The Play Space — Map Design:
Infinity Ward has a variety of maps in Call of Duty: Infinite Warfare. Infinity Ward listed some of their focuses in redefining the player space:
- Fast time to combat
- Force head to head engagements
- Never before seen environments (space station, other planets moon)
- Varied layout designs — high replay-ability
Some maps are the classic, three lane Call of Duty maps, while there are larger maps to cater for those play-styles. Breakdown map takes place on Earth and is a map catered to the larger style of play, while still maintaining the 3 lane structure.
Another one of the maps shown, Frontier, is one of the smallest maps we have ever seen in Call of Duty. It features only 2 lanes, fast paced action which is a ton of fun. The map takes place on a space station orbiting around Neptune but is completely enclosed.
The maps are designed beautifully, both aesthetically and style of play. One of the best modes we got to play was Defender on Frontier. Being such a small map, Frontier allowed for an incredibly fast paced, action packed game of Defender. The map is lined up with close quarter engagements, with enemies around every corner. Even more, when an individual is taken out, their bodies actually float to match the outside environment of the space.
We also got to play Terminal, the fan favorite preorder bonus map for Call of Duty: Infinite Warfare. Terminal’s layout is exactly the same as it was in Call of Duty: Modern Warfare 2. There are some differences, however. In the plane, there are no seats anymore, leaving no cover in the plane as you try to run through. In addition, in the main hallway and select other areas of the maps, glass windows that were in MW2 have been replaced with hard cover that cannot be breached.
As a side note: there are no maps in Call of Duty: Infinite Warfare multiplayer that takes place in zero-gravity, Infinity Ward confirmed to us. They wanted to focus on retaining the classic Call of Duty style and decided against those player spaces.
Another change to the overall HUD of the screen and player space is that in-game, in-match every single player has a little icon above their head which shows their health level. This is a first for Call of Duty, although it has been in other FPS games. It is helpful in identifying how many more shots you need to take out enemies and is not that obtrusive to your HUD. In addition, Infinity Ward has added a brand new feature under the mini-map, which is basically a callout section. It tells you where the action is, and in Hardpoint, will even list the current Hardpoint’s location. Infinity Ward said this is to emphasize and help with player communication. During our playtime, we did not actually notice this being that helpful, as it is kinda small on screen and not that relevant to consistently see and be aware of.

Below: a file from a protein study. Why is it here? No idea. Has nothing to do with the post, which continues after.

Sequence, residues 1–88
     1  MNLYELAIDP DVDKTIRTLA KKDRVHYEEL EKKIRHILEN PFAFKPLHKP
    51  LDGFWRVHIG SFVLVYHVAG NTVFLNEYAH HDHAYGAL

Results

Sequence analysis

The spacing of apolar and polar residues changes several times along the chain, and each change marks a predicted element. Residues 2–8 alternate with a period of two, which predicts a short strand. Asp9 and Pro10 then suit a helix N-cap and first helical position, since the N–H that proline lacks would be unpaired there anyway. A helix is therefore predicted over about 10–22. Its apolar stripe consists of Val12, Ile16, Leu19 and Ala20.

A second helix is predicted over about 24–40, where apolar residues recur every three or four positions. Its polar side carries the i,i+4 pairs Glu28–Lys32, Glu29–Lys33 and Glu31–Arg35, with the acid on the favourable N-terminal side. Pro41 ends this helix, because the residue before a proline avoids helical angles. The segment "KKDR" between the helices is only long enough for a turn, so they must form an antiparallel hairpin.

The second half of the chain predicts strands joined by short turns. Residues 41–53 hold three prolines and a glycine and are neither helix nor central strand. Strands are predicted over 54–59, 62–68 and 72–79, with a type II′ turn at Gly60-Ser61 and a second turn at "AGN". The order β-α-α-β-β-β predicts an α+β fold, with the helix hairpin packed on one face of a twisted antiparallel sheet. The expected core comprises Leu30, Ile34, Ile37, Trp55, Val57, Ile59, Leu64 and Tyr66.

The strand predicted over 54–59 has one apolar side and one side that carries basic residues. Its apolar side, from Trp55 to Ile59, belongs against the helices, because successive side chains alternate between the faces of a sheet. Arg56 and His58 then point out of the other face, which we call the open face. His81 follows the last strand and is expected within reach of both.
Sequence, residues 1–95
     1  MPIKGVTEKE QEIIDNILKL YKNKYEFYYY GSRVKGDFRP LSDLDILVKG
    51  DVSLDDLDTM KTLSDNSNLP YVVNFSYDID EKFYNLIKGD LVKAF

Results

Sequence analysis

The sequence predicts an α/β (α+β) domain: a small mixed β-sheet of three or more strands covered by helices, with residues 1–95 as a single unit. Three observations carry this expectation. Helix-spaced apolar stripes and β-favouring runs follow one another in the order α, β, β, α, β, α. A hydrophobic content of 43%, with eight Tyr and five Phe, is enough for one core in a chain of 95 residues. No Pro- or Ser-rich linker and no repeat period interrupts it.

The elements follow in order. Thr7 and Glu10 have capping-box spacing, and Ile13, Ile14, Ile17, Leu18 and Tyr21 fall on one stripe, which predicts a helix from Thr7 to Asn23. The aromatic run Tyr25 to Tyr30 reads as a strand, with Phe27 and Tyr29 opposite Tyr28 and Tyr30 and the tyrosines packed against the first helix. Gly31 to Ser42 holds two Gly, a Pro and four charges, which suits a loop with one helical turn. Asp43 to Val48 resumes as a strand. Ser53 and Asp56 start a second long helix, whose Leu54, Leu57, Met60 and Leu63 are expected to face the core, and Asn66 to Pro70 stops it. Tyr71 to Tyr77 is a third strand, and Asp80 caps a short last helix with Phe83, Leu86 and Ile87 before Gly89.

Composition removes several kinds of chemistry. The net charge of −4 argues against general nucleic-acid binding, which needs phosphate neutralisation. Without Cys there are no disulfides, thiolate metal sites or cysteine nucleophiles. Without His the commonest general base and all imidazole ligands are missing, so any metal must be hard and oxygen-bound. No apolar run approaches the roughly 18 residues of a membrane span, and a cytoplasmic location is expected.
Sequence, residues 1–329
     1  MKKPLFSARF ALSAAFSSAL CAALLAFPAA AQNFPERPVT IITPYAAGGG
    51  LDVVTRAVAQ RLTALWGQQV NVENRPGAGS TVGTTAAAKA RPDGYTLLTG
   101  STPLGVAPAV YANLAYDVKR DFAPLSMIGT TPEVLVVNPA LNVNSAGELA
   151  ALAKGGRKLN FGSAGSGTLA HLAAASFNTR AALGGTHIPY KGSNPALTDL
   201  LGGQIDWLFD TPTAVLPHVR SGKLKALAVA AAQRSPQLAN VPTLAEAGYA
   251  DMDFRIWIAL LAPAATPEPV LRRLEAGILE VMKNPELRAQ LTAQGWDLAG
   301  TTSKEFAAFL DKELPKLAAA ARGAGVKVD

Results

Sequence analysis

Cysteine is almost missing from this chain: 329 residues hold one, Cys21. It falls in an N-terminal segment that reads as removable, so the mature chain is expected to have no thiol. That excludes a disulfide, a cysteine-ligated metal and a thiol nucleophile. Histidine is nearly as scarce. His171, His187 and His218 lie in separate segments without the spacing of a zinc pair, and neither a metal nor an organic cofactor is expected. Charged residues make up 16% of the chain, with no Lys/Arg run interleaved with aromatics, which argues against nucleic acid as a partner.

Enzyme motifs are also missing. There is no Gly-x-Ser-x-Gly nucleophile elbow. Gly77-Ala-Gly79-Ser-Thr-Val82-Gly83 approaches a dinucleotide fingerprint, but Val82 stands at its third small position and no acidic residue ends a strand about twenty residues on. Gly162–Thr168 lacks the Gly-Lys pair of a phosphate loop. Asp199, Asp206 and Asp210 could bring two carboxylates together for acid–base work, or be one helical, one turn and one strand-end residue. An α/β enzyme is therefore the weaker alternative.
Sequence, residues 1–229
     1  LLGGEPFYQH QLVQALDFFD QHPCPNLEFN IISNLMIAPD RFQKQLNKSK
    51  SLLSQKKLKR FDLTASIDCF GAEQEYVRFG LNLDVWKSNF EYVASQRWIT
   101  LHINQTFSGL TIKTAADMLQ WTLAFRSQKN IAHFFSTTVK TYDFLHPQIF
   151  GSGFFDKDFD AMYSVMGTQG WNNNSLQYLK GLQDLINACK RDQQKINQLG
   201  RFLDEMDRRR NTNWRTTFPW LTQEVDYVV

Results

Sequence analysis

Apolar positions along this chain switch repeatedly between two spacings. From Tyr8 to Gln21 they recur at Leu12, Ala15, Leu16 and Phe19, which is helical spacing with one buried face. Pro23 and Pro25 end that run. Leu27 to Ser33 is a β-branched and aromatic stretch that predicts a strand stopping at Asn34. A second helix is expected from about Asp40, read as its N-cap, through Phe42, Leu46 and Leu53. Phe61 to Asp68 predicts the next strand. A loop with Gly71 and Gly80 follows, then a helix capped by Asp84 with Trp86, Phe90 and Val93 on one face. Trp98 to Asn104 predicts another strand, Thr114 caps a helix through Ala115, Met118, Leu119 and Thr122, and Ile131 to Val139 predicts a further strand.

Infinity Ward has brought back a wide variety of weapons, alongside brand new weapons. The game features Assault Rifles, SMGs, LMGs, Shotguns, Snipers, Directed Energy Weapons, and more. And for the first time ever, there’s a selection of Classic weapons, which are fan favorite weapons from older Call of Duty games brought back. The classic weapons were not available for us to play with at Call of Duty XP.
In terms of balance, there is a wide variety of weapons in Infinite Warfare. In Black Ops 3, there seemed to be limited variety in terms of how varied the weapons are, but Infinity Ward has really altered and changed up the style of weapons in each category in Call of Duty: Infinite Warfare. There needs to be some balancing to adjust some of the weapons, as certain SMGs and ARs felt overpowered, but overall the weapon direction is more using modern weapons, where some have a futuristic twist.
There is a lot going for Infinity Ward with Call of Duty: Infinite Warfare. One of the simplest was I could describe this game is: it incorporates elements from all previous Call of Duty titles, while trying to be fresh, fun, and new. As a side note, yes, we realize that the gameplay does look awfully familiar to Call of Duty: Black Ops 3. And it sorta does play like Black Ops 3, but faster. It is almost like an upgraded, better version of Black Ops 3, adjusting for balance, and being cautious of the casual play styles.
One thing’s for sure, Infinity Ward has learned a lot from their mistakes in Call of Duty: Ghosts’ MP, but until we play the final version, it is not clear if this vision will work with the fans.